Like Wodehouse, Sabatini used a small set of tropes – sword play, moonlight chases, divided lovers, daring rescues, hairsbreadth escapes – to tell an infinite number of stories, and he used them with such precision and pace that the novels hold you from the beginning in that most delicious tension of knowing that a happy ending must be coming (since they’re all that kind of novel) yet finding yourself unable to see how it will be accomplished until, impossibly, on the very last page, all is finally resolved.
Because of Sabatini, my stories are about their heroes first, plot second, and everything else after. He also taught me that it as important in storymaking as it is in songwriting to end with a resolving chord.
George MacDonald Fraser – Low Adventure and Exposed Hypocrisy
George MacDonald Fraser is Raphael Sabatini turned on his head. His Flashman novels are cut from the same hero-centric historical mold, and feature the same set of swashbuckling tropes, but instead of a stalwart, square-jawed hero, they star an utter bastard of an anti-hero who would kill his own grandmother to escape the desperate situations he finds himself in.
Fraser grew up reading and loving Sabatini and other adventure writers, but a cynical world view and a dirty mind wouldn’t allow him to play it straight, and so Flashman was born – a cad, coward, and soldier of the British Empire, who runs, shitting himself in fear, though every major military disaster of the Victorian Age.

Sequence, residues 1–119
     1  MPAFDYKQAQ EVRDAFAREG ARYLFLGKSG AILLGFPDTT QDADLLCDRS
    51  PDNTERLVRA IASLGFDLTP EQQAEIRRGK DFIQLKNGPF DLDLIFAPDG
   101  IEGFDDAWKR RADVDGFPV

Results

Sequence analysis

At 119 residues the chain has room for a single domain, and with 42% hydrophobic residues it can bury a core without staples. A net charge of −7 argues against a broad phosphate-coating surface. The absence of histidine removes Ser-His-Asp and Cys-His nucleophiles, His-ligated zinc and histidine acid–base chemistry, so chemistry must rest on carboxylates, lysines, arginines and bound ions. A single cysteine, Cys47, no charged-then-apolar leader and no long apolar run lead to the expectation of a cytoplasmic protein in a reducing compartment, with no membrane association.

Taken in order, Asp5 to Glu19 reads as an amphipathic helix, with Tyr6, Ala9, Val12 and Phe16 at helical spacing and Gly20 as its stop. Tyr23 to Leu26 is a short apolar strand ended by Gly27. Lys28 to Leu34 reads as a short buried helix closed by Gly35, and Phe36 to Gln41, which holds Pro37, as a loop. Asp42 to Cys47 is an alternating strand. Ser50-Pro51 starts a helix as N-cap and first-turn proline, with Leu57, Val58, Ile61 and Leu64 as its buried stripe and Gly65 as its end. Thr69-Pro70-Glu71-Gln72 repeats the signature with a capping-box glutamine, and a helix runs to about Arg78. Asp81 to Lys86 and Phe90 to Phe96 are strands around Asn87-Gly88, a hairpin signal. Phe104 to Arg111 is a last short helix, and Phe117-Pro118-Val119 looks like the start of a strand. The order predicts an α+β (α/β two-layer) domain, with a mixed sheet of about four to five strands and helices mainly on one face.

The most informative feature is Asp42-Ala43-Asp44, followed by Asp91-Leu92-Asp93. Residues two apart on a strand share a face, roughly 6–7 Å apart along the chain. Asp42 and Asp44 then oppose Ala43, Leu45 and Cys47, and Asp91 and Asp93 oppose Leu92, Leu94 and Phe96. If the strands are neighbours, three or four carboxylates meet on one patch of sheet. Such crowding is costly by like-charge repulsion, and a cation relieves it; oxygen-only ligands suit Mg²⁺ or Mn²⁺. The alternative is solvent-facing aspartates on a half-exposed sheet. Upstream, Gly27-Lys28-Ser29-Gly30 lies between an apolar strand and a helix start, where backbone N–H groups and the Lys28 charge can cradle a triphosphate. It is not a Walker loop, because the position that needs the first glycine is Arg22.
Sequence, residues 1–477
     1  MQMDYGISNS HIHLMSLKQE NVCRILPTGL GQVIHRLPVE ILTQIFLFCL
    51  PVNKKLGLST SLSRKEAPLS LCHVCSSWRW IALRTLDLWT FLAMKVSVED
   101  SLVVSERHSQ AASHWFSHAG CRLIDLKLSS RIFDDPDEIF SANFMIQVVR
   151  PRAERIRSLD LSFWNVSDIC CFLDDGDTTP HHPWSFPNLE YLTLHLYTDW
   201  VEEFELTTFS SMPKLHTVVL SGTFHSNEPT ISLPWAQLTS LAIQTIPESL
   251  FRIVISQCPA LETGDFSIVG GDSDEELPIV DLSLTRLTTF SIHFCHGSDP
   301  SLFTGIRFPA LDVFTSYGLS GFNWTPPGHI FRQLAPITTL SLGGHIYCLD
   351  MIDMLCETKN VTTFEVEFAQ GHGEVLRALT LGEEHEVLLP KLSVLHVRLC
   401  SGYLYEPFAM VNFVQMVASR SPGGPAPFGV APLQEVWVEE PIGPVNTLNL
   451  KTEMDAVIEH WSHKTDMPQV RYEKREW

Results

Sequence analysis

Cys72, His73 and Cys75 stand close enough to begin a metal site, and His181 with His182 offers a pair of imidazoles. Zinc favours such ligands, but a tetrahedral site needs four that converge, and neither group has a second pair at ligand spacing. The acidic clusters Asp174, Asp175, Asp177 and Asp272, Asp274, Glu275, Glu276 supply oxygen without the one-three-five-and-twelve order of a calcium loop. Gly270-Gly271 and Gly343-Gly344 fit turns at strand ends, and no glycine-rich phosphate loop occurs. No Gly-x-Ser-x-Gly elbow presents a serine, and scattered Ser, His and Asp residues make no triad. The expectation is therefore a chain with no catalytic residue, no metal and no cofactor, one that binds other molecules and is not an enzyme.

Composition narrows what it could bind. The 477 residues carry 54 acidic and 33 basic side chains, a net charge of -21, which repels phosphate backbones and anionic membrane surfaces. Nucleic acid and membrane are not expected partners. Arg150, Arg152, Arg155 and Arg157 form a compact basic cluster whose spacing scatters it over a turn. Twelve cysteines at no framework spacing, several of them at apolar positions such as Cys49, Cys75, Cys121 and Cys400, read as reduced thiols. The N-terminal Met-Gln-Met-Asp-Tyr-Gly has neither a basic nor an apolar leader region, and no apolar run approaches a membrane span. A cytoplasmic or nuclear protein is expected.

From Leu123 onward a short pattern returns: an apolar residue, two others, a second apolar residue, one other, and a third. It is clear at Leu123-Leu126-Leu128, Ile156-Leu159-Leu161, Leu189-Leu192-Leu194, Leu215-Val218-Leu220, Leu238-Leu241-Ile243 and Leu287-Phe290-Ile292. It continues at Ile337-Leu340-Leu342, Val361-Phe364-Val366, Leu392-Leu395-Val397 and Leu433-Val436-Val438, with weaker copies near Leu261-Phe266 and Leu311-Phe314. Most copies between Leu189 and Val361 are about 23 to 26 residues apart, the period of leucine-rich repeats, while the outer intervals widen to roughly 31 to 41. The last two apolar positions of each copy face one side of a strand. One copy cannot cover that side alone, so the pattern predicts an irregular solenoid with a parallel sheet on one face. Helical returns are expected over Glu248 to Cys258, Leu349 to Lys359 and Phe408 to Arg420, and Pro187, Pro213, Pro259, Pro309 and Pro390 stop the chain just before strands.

But it isn’t all scatological shenanigans. Fraser takes pains to point out in every book that, as bad as Flashman is, his oh-so-noble superiors are often worse, and that a fellow who stabs another fellow in the back isn’t even in the same league as a fellow who sends entire brigades of lancers to their deaths out of laziness or stupidity. It is this that won me to Flashman for life. The moral outrage hidden in the villains’ tale, the highlighting of the crimes of the powerful against the weak, the belief that the lowly soldier often has more honor than the guy with the tassel on his hat.
From Fraser I learned that skullduggery can be fun, and that poking the rich and powerful and corrupt with sharp sticks is my life’s work.
Yes, I call it Sabrepunk for a reason.